Over Here and Undertaxed: Multinationals, Tax Avoidance and You
Over Here and Undertaxed: Multinationals, Tax Avoidance and You
Price: £1.99

2 of 4 people found the following review helpful
5.0 out of 5 stars We're not all in this together, 27 May 2013
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Well written and ideal companion to understanding the taxation fiasco surrounding Google, Amazon and Starbucks. Not only describes the methods of tax avoidance, but also covers policy solutions to this problem.

Never Enough: America's Limitless Welfare State
Never Enough: America's Limitless Welfare State
Price: £9.59

0 of 1 people found the following review helpful
3.0 out of 5 stars Learn from Europe, 19 Mar. 2013
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It is not difficult to see why welfare provisions in the US are so controversial. With massive income inequality, welfare is provided by the taxes of the rich, which benefit the poor, while those in the middle are 'squeezed', as they have neither the benefits of welfare and are not rich. To some point, the UK is facing the same problem.

However, the book's analysis that European welfare states are a 'legacy of Europe's ancient feudalism' is bizarre. In Britain, the NHS was created after WWII, when the country was 'virtually bankrupt and the economic basis for the hopes of the people non-existent', to quote Keynes. But even then, the political will was there, as the war made people think that if they could make bombs, they could look after each other. The German concept of the welfare state came from the corporatist reforms by Bismarck. The Nordic welfare states were based on universal provision for everyone and are integral to the success of their export industry.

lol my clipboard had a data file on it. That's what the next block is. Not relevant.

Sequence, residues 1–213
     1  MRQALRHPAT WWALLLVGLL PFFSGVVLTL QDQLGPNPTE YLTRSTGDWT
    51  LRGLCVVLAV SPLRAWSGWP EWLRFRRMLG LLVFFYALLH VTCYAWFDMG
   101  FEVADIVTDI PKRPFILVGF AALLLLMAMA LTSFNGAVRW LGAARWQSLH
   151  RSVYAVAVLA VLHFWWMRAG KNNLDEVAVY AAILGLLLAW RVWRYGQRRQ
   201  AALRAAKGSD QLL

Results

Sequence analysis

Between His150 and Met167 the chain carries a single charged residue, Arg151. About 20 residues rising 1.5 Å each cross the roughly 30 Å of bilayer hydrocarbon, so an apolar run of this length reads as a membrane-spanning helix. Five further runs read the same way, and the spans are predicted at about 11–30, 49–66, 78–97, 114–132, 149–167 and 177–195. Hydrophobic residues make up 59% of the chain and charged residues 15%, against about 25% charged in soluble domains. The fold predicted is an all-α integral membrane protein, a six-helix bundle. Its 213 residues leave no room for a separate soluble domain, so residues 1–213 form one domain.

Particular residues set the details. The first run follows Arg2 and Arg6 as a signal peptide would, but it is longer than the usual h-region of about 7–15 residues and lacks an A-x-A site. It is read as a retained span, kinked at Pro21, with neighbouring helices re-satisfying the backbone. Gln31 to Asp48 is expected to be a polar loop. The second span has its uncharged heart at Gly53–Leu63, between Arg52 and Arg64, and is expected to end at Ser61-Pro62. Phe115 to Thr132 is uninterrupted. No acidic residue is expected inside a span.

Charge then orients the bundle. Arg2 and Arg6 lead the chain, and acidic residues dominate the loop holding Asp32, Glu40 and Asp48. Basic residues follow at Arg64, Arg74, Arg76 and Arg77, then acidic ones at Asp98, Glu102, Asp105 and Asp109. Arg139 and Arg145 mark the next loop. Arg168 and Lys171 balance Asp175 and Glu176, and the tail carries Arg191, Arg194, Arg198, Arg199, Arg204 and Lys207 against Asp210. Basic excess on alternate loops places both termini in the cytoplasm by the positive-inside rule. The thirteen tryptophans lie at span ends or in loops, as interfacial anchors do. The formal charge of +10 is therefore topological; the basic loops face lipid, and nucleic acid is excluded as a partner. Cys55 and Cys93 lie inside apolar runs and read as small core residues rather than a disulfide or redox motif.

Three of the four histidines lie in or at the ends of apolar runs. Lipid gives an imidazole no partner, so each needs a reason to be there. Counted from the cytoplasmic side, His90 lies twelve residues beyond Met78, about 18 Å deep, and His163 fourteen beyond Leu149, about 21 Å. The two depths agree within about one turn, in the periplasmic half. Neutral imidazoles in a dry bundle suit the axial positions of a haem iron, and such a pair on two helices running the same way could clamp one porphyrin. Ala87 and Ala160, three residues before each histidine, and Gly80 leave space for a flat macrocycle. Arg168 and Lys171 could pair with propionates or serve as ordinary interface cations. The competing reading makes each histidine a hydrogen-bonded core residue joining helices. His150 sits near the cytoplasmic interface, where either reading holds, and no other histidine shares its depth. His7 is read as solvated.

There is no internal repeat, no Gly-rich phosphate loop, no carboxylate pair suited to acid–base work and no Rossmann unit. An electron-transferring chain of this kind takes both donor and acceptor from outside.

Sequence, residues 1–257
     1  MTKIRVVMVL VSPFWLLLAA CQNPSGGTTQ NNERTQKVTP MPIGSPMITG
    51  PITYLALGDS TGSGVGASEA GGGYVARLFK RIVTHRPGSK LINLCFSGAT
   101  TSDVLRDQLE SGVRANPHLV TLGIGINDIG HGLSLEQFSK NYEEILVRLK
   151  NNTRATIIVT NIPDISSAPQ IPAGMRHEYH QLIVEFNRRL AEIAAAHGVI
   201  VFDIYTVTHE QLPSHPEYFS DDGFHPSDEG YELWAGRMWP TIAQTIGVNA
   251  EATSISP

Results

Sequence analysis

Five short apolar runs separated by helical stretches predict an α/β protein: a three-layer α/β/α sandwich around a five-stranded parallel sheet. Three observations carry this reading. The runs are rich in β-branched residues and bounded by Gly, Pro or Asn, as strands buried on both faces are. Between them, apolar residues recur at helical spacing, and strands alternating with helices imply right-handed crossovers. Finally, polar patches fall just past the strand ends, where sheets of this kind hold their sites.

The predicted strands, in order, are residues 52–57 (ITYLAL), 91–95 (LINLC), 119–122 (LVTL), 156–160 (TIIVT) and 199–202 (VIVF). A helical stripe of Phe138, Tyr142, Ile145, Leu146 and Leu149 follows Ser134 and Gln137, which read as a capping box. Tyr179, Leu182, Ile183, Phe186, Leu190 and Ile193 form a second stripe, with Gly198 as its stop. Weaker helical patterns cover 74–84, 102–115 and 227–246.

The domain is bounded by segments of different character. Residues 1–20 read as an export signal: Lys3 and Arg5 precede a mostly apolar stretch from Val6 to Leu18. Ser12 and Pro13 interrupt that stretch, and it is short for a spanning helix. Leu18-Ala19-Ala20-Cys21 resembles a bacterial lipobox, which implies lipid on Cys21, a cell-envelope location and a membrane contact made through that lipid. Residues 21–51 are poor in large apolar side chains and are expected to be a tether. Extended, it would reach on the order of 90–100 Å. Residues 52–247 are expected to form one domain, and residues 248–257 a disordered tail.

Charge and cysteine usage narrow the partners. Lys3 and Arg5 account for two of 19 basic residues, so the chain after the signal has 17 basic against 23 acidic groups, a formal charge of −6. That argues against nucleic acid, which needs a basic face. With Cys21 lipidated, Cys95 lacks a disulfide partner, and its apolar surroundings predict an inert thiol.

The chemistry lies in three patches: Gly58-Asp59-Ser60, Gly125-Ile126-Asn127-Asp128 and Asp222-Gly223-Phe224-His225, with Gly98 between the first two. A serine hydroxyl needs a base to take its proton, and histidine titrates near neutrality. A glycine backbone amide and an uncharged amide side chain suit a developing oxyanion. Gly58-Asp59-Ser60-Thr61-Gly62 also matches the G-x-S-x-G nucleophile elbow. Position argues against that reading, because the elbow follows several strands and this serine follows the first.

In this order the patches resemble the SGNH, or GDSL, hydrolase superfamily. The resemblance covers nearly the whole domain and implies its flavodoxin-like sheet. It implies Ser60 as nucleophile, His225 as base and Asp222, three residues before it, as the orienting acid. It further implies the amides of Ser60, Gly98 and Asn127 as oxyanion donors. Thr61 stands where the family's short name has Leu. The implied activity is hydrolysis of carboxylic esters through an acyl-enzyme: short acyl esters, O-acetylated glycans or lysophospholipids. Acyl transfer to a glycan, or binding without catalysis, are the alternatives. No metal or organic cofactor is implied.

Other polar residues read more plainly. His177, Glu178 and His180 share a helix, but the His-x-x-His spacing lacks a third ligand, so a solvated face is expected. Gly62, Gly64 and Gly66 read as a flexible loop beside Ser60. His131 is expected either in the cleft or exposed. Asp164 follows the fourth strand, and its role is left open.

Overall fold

Inequality is the problem, not necessarily welfare states. European welfare states need to be understood as more than just a 'feudal legacy', but as sustainable, valued, integral parts of society and indeed contributors to economic efficiency. Otherwise America only has 'Reaganomics' to return to.

Training Testdaf: Trainingsbuch Zu Testdaf - Buch MIT 2 Cds
Training Testdaf: Trainingsbuch Zu Testdaf - Buch MIT 2 Cds
Price: £18.25

1 of 1 people found the following review helpful
4.0 out of 5 stars Passed TestDAF, 18 Aug. 2012
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I studied German for one year in a German speaking country and when I came back, wanted to work towards the TestDAF to open up opportunities to study at a German university and to have an official certificate of my German ability.

This book was perfect to practise the exam format, so that there were no surprises. The speaking section was the most difficult to practise, as it's odd speaking to yourself if you do not have a partner to practise with. (Practise with rolling news on the television so you can't hear yourself). It's necessary to learn the phrases to describe graphs by heart.